How To Stop Draughts From Double Glazed Windows

Double glazed windows

Double glazed windows are one of the most popular home improvement options, blocking intrusive sound and reducing the heat lost through a window, thereby lowering energy bills and increasing comfort. That said, the latter benefit is lost almost entirely when your window suffers from draughts. 

Are you looking up how to draught-proof windows? Ultra-Seal has put this post together to guide you through why draughts occur, how to stop them and the prevention of future draughts with your windows.

Why does my double-glazed window have a draught? 

There are several reasons as to why a double-glazed window may suffer a draught. The following are the most likely culprits:

  • Failed Seals – Your seals surround the edges of your double-glazed unit. Its purpose is to create an airtight, moisture-proof barrier to keep the argon gas within the unit, as well as prevent air from getting in. The seals, however, can be prone to things such as cracking, drying and shrinking over time. If this happens, not only is the inert gas leaking, which permanently reduces the insulation ability of your double-glazed unit, but cold air will start getting into your home.


  • Frame Damage – There are several different types of frames for double-glazed units, but the three most common are uPVC, Timber and Aluminium.


  1. uPVC – uPVC is acknowledged for its high durability, but it’s still plastic, meaning that when it’s too hot or too cold, it can expand and retract respectively. This could open up gaps in the window.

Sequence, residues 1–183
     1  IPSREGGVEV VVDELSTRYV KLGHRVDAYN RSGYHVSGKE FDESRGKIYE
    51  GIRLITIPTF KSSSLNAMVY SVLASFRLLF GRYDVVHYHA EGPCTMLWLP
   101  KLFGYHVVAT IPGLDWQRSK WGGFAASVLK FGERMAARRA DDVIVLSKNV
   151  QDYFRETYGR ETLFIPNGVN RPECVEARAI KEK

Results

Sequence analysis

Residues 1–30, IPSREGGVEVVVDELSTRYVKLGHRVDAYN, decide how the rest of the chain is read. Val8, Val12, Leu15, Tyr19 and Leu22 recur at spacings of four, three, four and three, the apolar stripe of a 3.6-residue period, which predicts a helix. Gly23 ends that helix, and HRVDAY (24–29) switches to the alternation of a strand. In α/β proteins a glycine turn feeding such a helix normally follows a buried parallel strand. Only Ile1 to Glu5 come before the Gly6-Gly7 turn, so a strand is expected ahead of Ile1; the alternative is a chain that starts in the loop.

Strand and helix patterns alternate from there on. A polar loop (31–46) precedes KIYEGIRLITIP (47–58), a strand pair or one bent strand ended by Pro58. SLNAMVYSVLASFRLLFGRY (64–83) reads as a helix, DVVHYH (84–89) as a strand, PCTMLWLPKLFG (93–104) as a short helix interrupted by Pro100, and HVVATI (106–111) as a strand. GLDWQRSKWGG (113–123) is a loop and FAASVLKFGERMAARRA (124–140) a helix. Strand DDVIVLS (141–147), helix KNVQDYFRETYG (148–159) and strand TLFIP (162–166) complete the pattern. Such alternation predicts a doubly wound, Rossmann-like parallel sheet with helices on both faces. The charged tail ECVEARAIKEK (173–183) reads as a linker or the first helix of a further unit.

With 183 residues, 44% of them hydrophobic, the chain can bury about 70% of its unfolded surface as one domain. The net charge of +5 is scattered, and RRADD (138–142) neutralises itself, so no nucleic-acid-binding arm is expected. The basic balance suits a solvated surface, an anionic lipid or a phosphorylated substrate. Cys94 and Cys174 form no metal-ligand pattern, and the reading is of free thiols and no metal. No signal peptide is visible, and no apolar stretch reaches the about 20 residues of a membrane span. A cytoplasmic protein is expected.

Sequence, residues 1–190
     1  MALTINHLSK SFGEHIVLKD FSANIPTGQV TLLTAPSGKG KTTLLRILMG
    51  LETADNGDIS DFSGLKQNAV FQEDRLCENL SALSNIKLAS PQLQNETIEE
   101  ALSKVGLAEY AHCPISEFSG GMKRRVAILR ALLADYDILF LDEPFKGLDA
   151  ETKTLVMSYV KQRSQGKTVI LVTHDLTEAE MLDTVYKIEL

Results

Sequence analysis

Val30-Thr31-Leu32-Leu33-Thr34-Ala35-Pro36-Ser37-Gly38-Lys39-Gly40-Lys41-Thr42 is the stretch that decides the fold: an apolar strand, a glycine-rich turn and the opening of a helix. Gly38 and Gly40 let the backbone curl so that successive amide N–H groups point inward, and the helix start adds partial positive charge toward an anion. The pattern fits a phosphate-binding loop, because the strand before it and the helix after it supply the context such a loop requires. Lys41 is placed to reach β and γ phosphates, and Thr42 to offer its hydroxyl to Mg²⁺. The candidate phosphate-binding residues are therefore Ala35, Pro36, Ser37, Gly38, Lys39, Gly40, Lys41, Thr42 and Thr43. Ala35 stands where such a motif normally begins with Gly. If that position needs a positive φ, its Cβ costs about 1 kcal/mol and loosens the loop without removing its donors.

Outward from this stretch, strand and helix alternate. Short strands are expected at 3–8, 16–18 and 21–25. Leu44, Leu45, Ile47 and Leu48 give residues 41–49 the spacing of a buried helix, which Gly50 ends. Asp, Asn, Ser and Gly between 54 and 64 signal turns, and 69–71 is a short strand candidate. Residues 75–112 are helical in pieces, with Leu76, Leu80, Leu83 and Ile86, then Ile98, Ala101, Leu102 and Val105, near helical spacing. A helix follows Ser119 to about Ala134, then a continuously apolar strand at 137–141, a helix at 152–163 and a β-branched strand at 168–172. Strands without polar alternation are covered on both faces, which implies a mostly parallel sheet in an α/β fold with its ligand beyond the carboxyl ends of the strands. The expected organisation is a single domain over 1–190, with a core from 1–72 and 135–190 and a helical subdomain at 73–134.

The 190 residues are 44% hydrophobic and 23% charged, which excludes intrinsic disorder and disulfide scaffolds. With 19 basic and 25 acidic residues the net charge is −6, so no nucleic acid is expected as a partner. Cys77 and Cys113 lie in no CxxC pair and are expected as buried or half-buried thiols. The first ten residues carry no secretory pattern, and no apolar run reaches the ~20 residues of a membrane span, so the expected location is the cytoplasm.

2. Timber – Wood is a natural material whose weaknesses are very well-documented. It is fairly weak to moisture, with prolonged exposure leading to rot. Wet wood swells when infiltrated, and shrinks when dried out. The constant movement can cause warps and cracks in the window frame.
  3. Aluminium – Aluminium transfers heat fairly well. This means that cold on the outside can easily pass through the frame and create cold spots, and potentially, condensation within the frame. Good quality aluminium windows should have thermal breaks, however, which block heat transfer significantly.


  • Hinges – Hinges bear the weight of your window sash. Over time, they can wear out due to the constant friction of the opening, closing and weight, which runs the risk of windows sagging or becoming misaligned. This means that even if the window is fully closed, there will still be gaps allowing cold air inside.


  • Locking Mechanism – The locking mechanism is designed to pull the window tight against the frame, and within there are small hooks that pull the window sash tightly into the frame. If the locking mechanism is damaged, then the sash may not be manipulated, resulting in cold air infiltration.


How do I tell where the draught in my double-glazed window is coming from? 

It can be hard to determine the exact point of entry.

  • Candle Test – This is perhaps the most effective way to find the draught. Ensure there are no other sources of wind in the room. Light a candle and run it around the edges of your window slowly. If the candle flickers, you’ve found the draught. 
  • Hand Test – Run the back of your hands across the perimeter of your window frame. It may be worth doing it on both sides of the window if it’s on the ground floor. Nonetheless, your hands should be sensitive enough to feel the draught. 
  • Visual Inspection – Look for cracks, gaps, peeling sealant or signs of rotting wood visually. 
  • Listen up – If your home is quiet, you may be able to hear the draught. 


How do I make my windows draught-proof?

Draught-proofing windows is possible through DIY, although when the damage is extensive, your only option may be to call a professional. When you draught proof your windows, you must take care not to block window trickle vents, as this is how moisture leaves home.

Temporary DIY Fixes for Double-Glazing Windows

If you want to draught-proof your windows, the following are temporary fixes that you can do quite easily until later: